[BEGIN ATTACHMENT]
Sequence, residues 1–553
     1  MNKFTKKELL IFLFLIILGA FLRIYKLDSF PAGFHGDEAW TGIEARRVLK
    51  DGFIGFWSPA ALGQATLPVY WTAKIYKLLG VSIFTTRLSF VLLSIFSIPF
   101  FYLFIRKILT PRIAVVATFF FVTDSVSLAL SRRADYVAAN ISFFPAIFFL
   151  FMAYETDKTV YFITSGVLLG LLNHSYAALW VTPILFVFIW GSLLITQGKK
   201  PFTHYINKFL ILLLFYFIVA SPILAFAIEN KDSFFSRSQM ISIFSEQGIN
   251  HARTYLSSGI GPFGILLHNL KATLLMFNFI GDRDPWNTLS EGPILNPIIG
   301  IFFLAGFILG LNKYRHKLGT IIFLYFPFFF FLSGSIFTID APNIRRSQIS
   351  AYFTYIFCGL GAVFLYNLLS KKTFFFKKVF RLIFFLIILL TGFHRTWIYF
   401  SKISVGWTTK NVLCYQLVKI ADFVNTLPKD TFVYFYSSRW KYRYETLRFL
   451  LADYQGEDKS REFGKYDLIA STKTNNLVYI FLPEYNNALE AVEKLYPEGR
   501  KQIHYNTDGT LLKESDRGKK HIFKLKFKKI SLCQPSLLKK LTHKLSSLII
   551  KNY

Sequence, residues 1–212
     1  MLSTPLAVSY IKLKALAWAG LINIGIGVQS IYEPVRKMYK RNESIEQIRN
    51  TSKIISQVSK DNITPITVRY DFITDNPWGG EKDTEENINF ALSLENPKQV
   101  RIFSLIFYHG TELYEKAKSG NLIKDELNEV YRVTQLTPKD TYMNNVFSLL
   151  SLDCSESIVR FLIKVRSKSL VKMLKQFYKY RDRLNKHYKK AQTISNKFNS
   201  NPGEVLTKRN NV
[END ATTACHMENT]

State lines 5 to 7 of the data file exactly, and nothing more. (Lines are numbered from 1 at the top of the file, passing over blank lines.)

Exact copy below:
   151  FMAYETDKTV YFITSGVLLG LLNHSYAALW VTPILFVFIW GSLLITQGKK
   201  PFTHYINKFL ILLLFYFIVA SPILAFAIEN KDSFFSRSQM ISIFSEQGIN
   251  HARTYLSSGI GPFGILLHNL KATLLMFNFI GDRDPWNTLS EGPILNPIIG